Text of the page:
Attached is a photo of a car parked in reserved spot 316, and the vehicle is not authorized to be parked there. I will be calling the tow truck in a half hour, which is around 1:25 p.m. eastern standard time depending on when and where you are reading this email.
I would be remiss not to mention, to the owner, that your car is a bit dirty and could probably go for a wash. It shows up quite clearly in my photo even though I snapped it with a first-generation Samsung Galaxy. Dirty cars can really diminish a paint job over time, so it’s important to try and keep your vehicle clean. It’s something I regularly had to remind my wife, until earlier this year when she became my ex-wife.
I also noticed you are from Ohio, that’s great! Lived in Indiana for several years during elementary school. Indiana is near Ohio, right? Did you go to Denison, or do you just know someone who goes there, or went to Denison? Something must have compelled you to put a Denison sticker on your rear windshield. If you went to Denison: did you know Jeremy Epperson? We went to elementary school together before my family moved to Missouri. He played lacrosse, I think. Graduated in 1998 (maybe?). You probably don’t know him, I know, but figured it was worth a shot. He had brown hair, if that helps. So did Susan (ex).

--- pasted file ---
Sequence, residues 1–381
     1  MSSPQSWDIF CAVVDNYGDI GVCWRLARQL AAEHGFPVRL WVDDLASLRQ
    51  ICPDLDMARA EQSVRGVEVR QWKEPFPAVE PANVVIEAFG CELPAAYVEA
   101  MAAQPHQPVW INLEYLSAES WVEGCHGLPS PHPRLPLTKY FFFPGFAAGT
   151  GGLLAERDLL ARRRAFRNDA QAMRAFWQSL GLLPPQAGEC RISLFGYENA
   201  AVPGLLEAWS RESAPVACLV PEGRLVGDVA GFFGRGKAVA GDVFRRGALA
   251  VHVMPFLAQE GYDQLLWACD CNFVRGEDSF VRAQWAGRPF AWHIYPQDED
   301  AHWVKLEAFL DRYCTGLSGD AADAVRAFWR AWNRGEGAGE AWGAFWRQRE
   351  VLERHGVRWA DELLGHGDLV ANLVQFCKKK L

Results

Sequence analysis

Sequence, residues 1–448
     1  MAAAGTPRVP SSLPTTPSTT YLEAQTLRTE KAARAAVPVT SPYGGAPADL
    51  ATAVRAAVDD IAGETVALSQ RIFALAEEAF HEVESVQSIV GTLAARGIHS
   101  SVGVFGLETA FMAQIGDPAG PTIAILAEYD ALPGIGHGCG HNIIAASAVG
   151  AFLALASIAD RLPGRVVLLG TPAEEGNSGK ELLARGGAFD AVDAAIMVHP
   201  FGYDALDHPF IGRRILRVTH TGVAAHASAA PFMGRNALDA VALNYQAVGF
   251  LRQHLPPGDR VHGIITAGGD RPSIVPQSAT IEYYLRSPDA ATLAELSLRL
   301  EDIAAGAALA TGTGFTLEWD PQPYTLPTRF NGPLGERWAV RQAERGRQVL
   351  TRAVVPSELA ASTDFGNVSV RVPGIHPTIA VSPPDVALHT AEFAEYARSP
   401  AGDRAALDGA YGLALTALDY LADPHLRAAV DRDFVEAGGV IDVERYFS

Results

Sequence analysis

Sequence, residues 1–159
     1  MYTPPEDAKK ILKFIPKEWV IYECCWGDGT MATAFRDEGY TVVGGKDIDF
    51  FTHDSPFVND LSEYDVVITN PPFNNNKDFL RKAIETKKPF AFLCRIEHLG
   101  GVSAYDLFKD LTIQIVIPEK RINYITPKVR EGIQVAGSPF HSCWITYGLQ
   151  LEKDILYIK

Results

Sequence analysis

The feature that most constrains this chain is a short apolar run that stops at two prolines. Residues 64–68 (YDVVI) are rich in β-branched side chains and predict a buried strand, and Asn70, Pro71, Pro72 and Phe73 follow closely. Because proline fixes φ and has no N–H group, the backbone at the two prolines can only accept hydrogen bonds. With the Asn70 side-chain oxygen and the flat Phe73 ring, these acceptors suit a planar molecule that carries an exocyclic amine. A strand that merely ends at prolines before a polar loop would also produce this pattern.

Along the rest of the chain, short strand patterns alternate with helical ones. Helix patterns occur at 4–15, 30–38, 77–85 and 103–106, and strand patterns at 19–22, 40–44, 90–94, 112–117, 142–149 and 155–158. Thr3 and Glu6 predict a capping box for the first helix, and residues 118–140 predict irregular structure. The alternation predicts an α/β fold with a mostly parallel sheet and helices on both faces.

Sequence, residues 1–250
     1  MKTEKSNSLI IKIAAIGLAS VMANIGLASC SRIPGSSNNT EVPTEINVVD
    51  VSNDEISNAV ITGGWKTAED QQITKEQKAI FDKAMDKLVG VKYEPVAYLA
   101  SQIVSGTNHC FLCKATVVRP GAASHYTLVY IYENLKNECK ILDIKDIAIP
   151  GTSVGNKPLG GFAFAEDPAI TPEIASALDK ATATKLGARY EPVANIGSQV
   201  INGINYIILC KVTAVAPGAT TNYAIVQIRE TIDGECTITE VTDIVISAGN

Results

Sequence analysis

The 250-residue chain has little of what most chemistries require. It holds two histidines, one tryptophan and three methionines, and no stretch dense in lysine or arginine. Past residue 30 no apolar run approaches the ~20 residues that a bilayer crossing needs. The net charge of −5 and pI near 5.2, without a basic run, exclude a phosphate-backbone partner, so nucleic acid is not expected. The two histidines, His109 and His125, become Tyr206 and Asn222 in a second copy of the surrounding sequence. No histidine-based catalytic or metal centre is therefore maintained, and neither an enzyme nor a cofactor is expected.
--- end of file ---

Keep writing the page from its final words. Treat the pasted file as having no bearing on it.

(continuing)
What led you to buy a Mitsubishi? (I think that triple-diamond logo is a Mitsu, right?) Just curious. You never really see commercials on TV for Mitsubishi anymore, so was it word-of-mouth or perhaps a social media campaign that led you to that brand? I’ve been looking at the new Lancer recently and learned about them through the great social media presence of Mitsubishi motors. (Sidebar: outside of being a facilities specialist, I’m studying digital marketing at Southern New Hampshire University online in the evenings.)
Did you know Susan? She went to Denison, too. Graduated in 1992.
The parking space also clearly says “COMPACT,” so you really shouldn’t be in that corner spot. The Galant is mid-size sedan, and I believe one of the best in its class (Car & Driver says otherwise, but what do those bozos know?). If you want compact car, but still demand the quality and comfort of a front-wheel drive Mitsubishi, you should have looked at the Lancer. Susan actually drove a Focus ZX4, although I haven’t seen her in almost two years so she may own something else by now.